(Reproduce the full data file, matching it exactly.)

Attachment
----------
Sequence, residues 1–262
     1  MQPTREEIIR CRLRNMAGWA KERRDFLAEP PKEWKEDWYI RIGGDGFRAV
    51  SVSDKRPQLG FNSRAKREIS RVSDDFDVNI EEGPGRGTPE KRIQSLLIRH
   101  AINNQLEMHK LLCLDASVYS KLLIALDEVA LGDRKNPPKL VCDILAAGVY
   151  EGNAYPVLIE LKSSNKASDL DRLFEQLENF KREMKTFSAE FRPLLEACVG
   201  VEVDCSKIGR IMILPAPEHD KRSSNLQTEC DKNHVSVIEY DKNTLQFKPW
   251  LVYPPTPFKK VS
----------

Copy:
Sequence, residues 1–262
     1  MQPTREEIIR CRLRNMAGWA KERRDFLAEP PKEWKEDWYI RIGGDGFRAV
    51  SVSDKRPQLG FNSRAKREIS RVSDDFDVNI EEGPGRGTPE KRIQSLLIRH
   101  AINNQLEMHK LLCLDASVYS KLLIALDEVA LGDRKNPPKL VCDILAAGVY
   151  EGNAYPVLIE LKSSNKASDL DRLFEQLENF KREMKTFSAE FRPLLEACVG
   201  VEVDCSKIGR IMILPAPEHD KRSSNLQTEC DKNHVSVIEY DKNTLQFKPW
   251  LVYPPTPFKK VS